Microsoft’s blockbuster purchase of Skype will put the free-calling service before vastly more computer users, boosting a technology that already worries traditional phone giants.
Company analysts portrayed Tuesday’s merger — Microsoft’s biggest ever — as a way for the slow-footed firm to catch up to Apple and Google as consumers and businesses begin to move away from staid desktop computers to tablets and smartphones that largely do not run Windows software.
Despite Wall Street’s dim view of the company, Microsoft’s products are nearly ubiquitous, and the company has the ability to promote Skype to hundreds of millions of people worldwide. Skype, like Google Voice and Viber, allows users to make calls over the Web without paying cellular carriers.
The all-cash deal gives the software giant an online communications tool that will be woven through its Office applications, Xbox games and nascent smartphone line. But it had to pay a high price. Skype’s owners will enjoy a multibillion-dollar payoff, even though the company doesn’t make a profit.
Very little will change in the experience for current Skype users. But by integrating Skype into Microsoft’s products, the software giant may try to find ways to get people to pay for the service. Right now, only 1 percent of Skype’s 170 million registered users pay for extra features and to reach people who are not on Skype.
“We see enormous opportunity to grow this business,” said Steve Ballmer, Microsoft chief executive.
The marriage of the companies combines a whimsical Web darling founded by European engineers with a granddaddy of high-tech. Skype chief executive Tony Bates will continue to lead Skype as a separate Microsoft division and report directly to Ballmer, Microsoft said.
It will be Skype’s fourth owner in its nine-year history, which includes an acquisition by eBay in 2005 and a private-equity investment in 2009 by Netscape founder Marc Andreessen, Silver Lake and the Canadian Pension Plan Investment Board. It’s also tried two times to go public, and analysts estimate it would have a stock valuation of about $1 billion.
But Ballmer said he expects Skype will add to Microsoft profits in the first year and that regulators will approve the deal by the end of 2011.
The acquisition doesn’t solve all of Microsoft’s problems. But it immediately makes it a well-known name brand in videoconferencing. Ballmer noted that Skype has come to personify the service it provides.
“Skype is a verb,” he said.
The merger comes at a crucial time for the maker of the Windows operating system. For the past decade, Microsoft’s star has been fading.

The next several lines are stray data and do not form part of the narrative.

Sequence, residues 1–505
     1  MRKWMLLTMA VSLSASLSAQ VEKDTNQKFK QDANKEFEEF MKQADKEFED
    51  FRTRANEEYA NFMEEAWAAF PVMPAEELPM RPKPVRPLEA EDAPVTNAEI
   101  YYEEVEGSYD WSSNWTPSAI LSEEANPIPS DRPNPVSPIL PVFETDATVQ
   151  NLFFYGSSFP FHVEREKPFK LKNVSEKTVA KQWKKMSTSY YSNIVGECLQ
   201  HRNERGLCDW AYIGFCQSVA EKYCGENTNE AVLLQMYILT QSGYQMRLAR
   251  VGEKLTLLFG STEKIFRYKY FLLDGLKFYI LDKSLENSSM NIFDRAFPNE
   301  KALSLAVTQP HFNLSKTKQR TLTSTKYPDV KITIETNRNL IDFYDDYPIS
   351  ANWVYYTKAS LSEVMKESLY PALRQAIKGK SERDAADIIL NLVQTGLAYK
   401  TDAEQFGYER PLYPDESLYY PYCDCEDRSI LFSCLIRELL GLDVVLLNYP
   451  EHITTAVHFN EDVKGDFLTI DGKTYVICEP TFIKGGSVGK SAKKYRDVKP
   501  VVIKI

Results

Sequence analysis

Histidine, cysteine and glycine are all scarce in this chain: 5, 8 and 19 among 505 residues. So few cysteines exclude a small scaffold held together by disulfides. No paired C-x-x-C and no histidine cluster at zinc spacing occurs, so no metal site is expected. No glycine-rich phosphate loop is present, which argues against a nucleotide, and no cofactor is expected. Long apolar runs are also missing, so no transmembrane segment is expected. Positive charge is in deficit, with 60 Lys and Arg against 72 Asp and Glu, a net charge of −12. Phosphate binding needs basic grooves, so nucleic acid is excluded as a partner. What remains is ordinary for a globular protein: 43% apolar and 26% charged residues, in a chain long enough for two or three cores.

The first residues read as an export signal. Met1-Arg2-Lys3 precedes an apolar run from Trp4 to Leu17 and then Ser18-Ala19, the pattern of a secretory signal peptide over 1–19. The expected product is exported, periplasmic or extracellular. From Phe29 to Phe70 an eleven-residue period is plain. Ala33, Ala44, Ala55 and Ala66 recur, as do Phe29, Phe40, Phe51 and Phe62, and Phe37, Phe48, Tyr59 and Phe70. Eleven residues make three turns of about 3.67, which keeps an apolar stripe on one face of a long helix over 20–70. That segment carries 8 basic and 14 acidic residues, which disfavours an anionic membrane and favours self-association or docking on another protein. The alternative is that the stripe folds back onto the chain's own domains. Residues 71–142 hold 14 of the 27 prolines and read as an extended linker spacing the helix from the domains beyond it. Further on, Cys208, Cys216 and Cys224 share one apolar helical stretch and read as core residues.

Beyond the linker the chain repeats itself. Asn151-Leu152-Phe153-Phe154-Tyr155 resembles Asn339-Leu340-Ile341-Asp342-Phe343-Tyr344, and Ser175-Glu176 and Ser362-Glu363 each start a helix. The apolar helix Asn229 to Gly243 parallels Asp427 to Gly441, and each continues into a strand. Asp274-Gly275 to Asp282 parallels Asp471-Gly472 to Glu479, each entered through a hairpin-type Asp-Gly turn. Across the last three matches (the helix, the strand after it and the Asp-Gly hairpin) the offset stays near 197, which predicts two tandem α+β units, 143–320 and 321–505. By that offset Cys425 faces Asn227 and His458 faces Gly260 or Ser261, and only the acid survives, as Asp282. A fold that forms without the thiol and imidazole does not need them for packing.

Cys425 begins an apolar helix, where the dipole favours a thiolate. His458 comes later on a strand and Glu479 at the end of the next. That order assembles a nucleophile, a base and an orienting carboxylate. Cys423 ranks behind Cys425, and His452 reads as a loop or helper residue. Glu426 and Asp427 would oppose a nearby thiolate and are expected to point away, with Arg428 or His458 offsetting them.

It bought Hotmail in 1998 for $100 million, and that business fizzled. The firm’s Zune MP3 player never made a dent in the dominance of Apple’s iPod. Its Bing search engine has slightly improved its market share in recent months but is still far behind Google in market share. And most troubling to observers, the company that transformed the PC has been stuck on the sidelines of the critical mobile phone market while Apple’s iPhone and Google’s Android platforms have taken off.
To be sure, few companies could pull off such a huge purchase.
Microsoft’s finances have been unassailable, thanks to the continued dominance of its old software hits, Windows and Office. In the past decade, the company has doubled its profits, which hit $18 billion last year. As of the most recent quarter, it was holding $50 billion worth of cash and short-term investments.
“The price is high relative to [Skype’s] revenues and profits, but it’s better than just sitting around on top of cash or giving cash back to shareholders,” said Michael Cusumano, a professor at the Massachusetts Institute of Technology Sloan School of Management.
And whatever cool factor Microsoft lacks among consumers, it makes up with a booming business among other companies and PC manufacturers. In the most recent quarter, revenue at the company’s business division grew 21 percent compared with last year.
Despite all this, the company’s stock has been anemic, barely increasing over the past five years, while Apple’s stock has quadrupled. And in the most recent quarter, Apple’s earnings even surpassed Microsoft’s for the first time in two decades.
“Microsoft’s hand is being forced somewhat in making [the Skype] deal, and I’m sure they wanted to pay less,” said Richard Edwards, an analyst at the research and consulting firm Ovum. “But there was too much pressure from Google and certainly from Apple.”
As a result, Ballmer — a close friend of founder Bill Gates — has been under increasing pressure to produce new hits for the company.
Microsoft has typically refrained from blockbuster acquisitions. It made a $44.6 billion bid for Yahoo in 2008 that failed. In the same year, it paid an estimated $500 million for Danger, the company that created the then-popular Sidekick line of mobile phones. Microsoft then tried to capitalize on the purchase by introducing a new line of phones called Kin that would appeal to teenagers. The product was a flop, being discontinued less than two months after its unveiling.
Cusumano, who has criticized Ballmer and Microsoft’s board of directors for being too conservative, said Windows and Office should remain strong enough for another decade, giving Ballmer more time to come up with Microsoft’s next chapter.
“I think Ballmer can do it,” Cusumano said. “He’s smart enough to be able to do it. He’s just got to have the courage to try.”